Today I'm going to tell you a few things about black holes that you may not know. For convenience I'm going to assume you know what a black hole is. If you don't, NASA is a good place to start.
It is certainly possible to orbit a black hole. It is possible in theory to orbit a black hole and achieve faster than light velocities.
Black holes must radiate energy. Why? Entropy. Let's say I throw a bunch of matter with a lot of different particles and energy (like an alien civilization) into a black hole. Once all that matter is in there, it is impossible to determine it's state. You can't get info out of a black hole, so it is impossible to determine the amount of entropy the matter inside has. This is the same as decreasing the total amount of entropy in the universe, which is frowned on by the Second Law of Thermodynamics. Thus, in order to keep the total entropy of the universe increasing, black holes must radiate some energy, though admittedly in very small quantities.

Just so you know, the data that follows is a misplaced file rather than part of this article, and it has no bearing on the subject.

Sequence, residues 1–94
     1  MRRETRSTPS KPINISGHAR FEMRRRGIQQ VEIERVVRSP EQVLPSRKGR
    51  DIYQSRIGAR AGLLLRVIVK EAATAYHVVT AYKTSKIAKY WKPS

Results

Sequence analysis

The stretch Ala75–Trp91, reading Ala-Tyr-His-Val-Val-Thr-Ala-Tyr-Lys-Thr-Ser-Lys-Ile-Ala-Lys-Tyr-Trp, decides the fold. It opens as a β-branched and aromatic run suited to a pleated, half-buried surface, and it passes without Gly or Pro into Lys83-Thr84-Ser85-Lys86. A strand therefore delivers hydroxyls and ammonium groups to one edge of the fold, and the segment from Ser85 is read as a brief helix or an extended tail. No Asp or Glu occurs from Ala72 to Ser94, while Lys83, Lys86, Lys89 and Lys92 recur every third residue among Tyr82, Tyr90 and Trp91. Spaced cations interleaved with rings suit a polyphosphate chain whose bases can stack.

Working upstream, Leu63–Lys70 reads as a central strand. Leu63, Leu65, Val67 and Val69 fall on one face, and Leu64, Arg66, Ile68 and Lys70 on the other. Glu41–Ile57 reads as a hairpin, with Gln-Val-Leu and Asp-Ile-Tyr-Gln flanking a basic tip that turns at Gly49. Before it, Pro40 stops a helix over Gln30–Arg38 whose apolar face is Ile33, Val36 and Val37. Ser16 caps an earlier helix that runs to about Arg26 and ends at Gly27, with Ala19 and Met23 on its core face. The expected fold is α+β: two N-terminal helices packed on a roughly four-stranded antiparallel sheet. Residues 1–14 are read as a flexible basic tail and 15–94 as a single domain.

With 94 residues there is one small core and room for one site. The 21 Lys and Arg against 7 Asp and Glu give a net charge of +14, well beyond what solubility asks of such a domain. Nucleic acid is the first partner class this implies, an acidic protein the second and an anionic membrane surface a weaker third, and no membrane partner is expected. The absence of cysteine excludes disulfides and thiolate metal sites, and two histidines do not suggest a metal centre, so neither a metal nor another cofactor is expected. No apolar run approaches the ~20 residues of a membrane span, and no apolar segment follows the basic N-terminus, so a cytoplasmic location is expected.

The enormous pressures of the big bang could have produced small, 'primordial' black holes. If any are still around, they would now be so cold it would be very difficult to detect them.
It is thought that binary black holes may exist. This is where two black holes orbit each other. If they do, the massive amounts of gravity being thrown around would produce gravity waves strong enough to detect. Currently, we have no idea if gravity waves even exist because it's very hard to find one strong enough to show up on sensors, even in principle.
Gravity travels at the speed of light. If you could accelerate two black holes to faster than the speed of light and crash them into each other, they would pass through each other and continue on their way before gravity could pull them together. Now, it's highly unlikely that people will ever have the machinery to do this. However, in the enormous convulsions of the big bang, it is possible this may have occurred with some primordial black holes. If this ever happened it would likely leave a 'wormhole' behind.